“Bacteria” as used herein refer to E. coli, L. lactis, P. aeruginosa, and other strains that are publicly available. ATCC®, AMERICAN TYPE CULTURE COLLECTION™ (www.atcc.org) has an extensive collection of cell strains that are publicly available and incorporated herein by reference. The NCBI™ web site has numerous codon bias charts available for allowing protein expression in most species. Plasmids are available that can be transferred between bacterial species or used in multiple species, sometimes called shuttle vectors. Thus methods developed in E. coli are applicable to any bacterial species using tools known to one of ordinary skill in the arts.

Common restriction enzymes and restriction sites are found at NEB® (NEW ENGLAND BIOLABS®, www.neb.com) and INVITROGEN® (www.invitrogen.com).

ApRampicillin resistance
ATCC ®American Tissue-type Culture Collection
BVMOBaeyer-Villiger monooxygenases
CBR or CRcarbonyl reductase
(S)-CHBEethyl (S)-4-chloro-3-hydroxybutanoate
CHMOcyclohexanone monooxygenase
COBEethyl 4-chloro-3-oxobutanoate
ColE1gram-negative origin of replication
crtBphytoene synthase
crtEGGDP synthase
crtIphytoene desaturase
crtYβ-end lycopene cyclase
FAOflavin-containing monooxygenases
FDHFMN dehydrogenase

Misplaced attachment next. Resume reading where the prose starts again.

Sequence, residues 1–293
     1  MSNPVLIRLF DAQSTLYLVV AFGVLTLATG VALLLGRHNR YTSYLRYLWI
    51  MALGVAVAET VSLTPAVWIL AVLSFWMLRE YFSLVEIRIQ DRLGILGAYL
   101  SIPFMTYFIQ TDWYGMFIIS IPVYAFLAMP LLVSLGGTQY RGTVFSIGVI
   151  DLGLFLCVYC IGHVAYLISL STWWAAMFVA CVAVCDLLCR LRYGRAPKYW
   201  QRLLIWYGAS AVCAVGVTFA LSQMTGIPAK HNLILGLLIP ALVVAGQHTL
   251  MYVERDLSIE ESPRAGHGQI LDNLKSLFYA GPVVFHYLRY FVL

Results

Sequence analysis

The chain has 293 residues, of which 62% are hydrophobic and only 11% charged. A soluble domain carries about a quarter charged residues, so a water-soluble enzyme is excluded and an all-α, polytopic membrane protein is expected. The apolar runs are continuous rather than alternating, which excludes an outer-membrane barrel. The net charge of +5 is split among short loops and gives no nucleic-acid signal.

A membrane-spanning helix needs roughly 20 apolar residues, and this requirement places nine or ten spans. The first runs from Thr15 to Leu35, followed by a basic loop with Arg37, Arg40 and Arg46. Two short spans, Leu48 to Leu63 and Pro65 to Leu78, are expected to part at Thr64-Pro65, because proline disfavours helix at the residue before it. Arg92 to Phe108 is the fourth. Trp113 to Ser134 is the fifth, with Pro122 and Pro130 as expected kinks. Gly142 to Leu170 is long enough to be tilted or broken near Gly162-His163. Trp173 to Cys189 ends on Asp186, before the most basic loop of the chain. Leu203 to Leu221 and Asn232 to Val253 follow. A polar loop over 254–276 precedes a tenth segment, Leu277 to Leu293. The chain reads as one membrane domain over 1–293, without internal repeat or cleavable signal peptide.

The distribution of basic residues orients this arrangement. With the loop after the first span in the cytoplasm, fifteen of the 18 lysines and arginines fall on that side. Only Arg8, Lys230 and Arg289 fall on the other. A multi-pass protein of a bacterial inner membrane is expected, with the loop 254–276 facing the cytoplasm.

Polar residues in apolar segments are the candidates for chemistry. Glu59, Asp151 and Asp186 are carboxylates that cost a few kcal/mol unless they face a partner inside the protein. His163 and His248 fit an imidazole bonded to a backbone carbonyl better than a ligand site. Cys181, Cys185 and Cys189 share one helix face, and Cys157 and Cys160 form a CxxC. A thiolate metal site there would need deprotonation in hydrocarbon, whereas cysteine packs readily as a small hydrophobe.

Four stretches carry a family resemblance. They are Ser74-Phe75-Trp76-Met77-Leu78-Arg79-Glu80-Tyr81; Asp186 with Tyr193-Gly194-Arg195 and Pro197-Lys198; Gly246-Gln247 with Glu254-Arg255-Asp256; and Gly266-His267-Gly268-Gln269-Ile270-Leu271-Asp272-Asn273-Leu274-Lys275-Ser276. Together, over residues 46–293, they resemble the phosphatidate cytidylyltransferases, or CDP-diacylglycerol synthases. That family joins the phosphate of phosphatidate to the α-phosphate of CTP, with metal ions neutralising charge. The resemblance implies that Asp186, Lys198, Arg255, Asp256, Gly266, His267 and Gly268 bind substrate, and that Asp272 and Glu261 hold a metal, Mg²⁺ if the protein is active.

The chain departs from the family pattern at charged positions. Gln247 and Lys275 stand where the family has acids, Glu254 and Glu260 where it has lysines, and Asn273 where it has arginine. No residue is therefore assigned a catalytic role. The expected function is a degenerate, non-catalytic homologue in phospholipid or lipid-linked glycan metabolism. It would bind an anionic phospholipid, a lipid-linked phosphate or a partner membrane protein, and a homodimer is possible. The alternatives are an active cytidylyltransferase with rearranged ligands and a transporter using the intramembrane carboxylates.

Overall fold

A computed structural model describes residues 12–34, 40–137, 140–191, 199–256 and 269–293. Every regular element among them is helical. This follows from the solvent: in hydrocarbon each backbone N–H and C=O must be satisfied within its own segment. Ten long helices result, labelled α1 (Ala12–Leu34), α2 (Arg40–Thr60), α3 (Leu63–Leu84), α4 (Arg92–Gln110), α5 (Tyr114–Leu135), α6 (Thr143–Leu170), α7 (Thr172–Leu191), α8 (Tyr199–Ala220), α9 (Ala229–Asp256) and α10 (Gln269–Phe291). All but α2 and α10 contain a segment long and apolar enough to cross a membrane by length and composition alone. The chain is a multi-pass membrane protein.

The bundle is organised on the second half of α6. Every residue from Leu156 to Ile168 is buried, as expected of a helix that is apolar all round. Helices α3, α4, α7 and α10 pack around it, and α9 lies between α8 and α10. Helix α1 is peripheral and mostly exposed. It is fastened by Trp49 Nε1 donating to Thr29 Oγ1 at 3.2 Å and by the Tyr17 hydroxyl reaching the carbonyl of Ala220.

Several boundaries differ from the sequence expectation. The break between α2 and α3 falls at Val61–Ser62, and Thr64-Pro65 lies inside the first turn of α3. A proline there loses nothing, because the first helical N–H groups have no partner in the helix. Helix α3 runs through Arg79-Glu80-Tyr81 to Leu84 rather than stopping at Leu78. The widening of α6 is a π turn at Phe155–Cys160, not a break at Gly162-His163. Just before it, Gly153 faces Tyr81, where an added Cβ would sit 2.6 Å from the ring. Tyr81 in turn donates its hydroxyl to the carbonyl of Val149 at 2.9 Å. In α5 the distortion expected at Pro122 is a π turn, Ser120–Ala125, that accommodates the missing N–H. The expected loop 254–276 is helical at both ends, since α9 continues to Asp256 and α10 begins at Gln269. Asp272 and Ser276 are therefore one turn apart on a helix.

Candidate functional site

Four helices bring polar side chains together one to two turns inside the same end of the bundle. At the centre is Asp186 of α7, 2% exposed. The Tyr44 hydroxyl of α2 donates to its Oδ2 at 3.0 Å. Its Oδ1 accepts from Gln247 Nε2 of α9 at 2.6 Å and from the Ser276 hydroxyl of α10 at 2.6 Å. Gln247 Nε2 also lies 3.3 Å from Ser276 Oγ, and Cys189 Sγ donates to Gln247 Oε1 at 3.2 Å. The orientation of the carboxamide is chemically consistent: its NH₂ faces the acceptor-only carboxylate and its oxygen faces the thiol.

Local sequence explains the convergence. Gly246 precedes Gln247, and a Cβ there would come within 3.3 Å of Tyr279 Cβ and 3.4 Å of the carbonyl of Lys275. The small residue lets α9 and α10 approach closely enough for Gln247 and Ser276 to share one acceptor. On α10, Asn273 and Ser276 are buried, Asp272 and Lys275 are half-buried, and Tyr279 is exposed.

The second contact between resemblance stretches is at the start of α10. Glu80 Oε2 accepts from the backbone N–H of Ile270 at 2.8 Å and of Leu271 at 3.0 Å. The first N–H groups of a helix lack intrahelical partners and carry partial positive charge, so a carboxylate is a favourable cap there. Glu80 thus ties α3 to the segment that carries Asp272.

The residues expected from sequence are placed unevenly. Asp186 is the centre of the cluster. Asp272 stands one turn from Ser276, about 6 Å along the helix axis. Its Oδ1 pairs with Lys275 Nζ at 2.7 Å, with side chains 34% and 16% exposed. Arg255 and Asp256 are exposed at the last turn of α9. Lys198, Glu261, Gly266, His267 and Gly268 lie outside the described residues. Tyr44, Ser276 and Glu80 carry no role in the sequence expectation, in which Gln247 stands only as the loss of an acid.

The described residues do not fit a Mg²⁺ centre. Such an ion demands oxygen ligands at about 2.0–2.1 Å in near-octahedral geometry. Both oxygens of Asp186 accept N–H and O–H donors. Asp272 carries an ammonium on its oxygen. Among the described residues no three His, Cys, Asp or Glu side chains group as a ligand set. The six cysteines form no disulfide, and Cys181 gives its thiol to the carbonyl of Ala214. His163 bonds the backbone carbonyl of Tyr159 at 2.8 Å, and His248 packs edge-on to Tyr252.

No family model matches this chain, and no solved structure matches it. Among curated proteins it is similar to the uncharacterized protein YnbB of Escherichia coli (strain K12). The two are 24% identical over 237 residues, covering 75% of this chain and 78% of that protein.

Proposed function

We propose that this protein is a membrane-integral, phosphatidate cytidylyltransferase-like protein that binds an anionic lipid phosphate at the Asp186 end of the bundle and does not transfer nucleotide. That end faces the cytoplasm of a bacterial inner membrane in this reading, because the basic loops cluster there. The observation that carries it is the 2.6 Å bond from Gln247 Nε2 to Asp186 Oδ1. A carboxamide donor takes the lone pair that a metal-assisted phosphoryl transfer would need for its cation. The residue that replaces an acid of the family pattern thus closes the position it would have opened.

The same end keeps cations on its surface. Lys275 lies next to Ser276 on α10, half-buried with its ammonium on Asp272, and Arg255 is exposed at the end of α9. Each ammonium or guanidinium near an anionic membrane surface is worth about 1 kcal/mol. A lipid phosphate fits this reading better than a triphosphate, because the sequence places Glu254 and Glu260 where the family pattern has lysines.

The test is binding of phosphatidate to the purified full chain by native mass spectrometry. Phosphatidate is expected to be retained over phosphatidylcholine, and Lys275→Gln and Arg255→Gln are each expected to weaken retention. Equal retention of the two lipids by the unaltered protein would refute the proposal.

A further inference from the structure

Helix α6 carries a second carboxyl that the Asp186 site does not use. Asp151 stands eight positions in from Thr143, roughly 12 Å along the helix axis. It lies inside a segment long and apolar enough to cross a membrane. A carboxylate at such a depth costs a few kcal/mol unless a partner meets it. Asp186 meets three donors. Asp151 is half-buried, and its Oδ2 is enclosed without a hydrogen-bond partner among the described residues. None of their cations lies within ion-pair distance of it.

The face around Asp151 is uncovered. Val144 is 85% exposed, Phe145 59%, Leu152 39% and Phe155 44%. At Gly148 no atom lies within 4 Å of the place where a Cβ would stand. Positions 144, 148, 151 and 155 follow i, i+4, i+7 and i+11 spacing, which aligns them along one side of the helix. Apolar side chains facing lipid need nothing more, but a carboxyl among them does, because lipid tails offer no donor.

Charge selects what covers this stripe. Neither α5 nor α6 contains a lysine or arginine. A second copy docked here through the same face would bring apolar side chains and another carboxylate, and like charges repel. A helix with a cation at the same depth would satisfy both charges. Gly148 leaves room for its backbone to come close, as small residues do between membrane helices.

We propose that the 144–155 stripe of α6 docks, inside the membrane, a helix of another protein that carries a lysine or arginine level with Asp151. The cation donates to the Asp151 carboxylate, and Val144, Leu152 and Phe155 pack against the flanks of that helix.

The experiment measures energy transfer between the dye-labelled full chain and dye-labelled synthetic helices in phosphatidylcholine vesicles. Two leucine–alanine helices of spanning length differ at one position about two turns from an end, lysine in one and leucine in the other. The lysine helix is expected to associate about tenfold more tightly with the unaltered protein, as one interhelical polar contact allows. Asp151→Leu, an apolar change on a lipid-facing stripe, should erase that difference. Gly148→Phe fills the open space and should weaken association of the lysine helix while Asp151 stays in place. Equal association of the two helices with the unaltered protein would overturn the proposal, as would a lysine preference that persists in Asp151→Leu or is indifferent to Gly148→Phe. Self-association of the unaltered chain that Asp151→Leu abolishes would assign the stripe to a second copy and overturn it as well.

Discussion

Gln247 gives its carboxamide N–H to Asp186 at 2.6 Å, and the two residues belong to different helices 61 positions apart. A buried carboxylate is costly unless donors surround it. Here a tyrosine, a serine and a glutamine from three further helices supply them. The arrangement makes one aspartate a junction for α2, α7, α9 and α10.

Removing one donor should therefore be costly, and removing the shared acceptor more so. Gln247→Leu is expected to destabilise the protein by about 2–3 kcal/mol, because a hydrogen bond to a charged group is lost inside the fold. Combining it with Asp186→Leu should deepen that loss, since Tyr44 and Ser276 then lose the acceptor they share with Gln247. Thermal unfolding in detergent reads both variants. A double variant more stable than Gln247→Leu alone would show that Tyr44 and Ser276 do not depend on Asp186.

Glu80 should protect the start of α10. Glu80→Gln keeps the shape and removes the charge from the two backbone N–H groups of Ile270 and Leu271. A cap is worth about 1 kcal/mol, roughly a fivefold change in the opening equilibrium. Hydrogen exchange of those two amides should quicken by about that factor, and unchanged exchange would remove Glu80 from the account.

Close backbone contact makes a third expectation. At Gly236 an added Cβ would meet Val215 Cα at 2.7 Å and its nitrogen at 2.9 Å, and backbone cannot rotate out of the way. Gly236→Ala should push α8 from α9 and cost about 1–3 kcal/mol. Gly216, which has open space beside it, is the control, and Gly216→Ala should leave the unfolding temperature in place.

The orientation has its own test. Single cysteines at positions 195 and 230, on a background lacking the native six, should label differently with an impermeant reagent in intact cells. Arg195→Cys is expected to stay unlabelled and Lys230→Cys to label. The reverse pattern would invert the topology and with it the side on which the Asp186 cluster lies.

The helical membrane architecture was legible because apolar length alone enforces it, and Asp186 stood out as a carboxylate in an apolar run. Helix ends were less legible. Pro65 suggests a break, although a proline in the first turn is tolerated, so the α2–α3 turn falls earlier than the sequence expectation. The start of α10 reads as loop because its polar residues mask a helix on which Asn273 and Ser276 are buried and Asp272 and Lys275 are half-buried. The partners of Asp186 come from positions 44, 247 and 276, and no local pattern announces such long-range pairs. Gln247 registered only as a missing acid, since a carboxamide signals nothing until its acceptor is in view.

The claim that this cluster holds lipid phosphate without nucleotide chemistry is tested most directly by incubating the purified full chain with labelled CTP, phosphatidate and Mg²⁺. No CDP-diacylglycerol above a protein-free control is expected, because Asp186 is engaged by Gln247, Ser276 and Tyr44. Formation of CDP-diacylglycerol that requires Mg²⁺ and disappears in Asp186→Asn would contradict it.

FMNflavin mononucleotide
GAPglyceraldehyde phosphate
GC-MSgas chromatography-mass spectroscopy
GDHglucose dehydrogenase
KmRkanamycin resistance
MLSRmacrolide, lincosamide and streptogramin A
NAD-NAD-dependent glyceraldehyde-3-phosphate
NAD Cellswt NAD-GAPDH cells (control)
NADP-NADP-dependent glyceraldehyde-3-phosphate
NADP+ CellsNAD-GAPDH cells with + NADP-GAPDH
Nalnalidixic acid
NCBI ™National Center for Biotechnology
OriIIGram-positive origin of replication
P5Ppentose phosphate
PHBpolyhydroxybutyric acid
PNTpyridine nucleotide transhydrogenase
SmRstreptomycin resistance
ThiR/CmRthiamphenicol/chloramphenicol resistance
tsBVMOthermostable BVMO

Plasmids and strains used in certain embodiments of the invention are set forth in Table 4.

pDHC29Cloning vector CmRPhillips, 2000
pHL621pDHC29 with C. acetobutylicumThis work
pMM4BVMO plasmidWalton, 2002
pTSBVMOThermostable BVMO(in process)
pACYC184crtE, crtI, crtB lycopene genesCunningham, 1994
pPHBphb operonThis work
pPNT/FDHpnt and NADP-fdh(in process)
pFDHNADP-fdh(in process)
pHL621+pHL621 with NADP-fdhThis work
MG1655Wild type (F-λ-)Guyer, 1988
ΔGAPAMG1655 ΔgapAThis work
GAPA+ (control)MG1655 pDHC29 w/This work
BL21Wild typeATCC BAA-1025
ΔGAPABL21 ΔgapAThis Work
GAPA+ (control)BL21 pDHC29 w/NAD-GADPHThis work
NADPH+ΔGAPA pHL621This work
NADPH++ΔGAPA pHL621 pPNT/FDH(in process)
Lycopene+NADPH+ pACYC18This work
Lactone+NADPH+ pMM4This work
tsLactone+NADPH+ pTSBVMO(in process)
PHB+NADPH+ pPHBThis work
Lycopene++NADPH++ pACYC18This work
Lactone++NADPH++ pMM4This work
tsLactone++NADPH++ pTSBVMO(in process)
PHB++NADPH++ pPHB(in process)

When plasmids are used, the effect of host/plasmid interaction is minimized by comparing three different systems consisting of: the host only, a plasmid expressing biologically active enzyme, and a control system with the expression vector alone.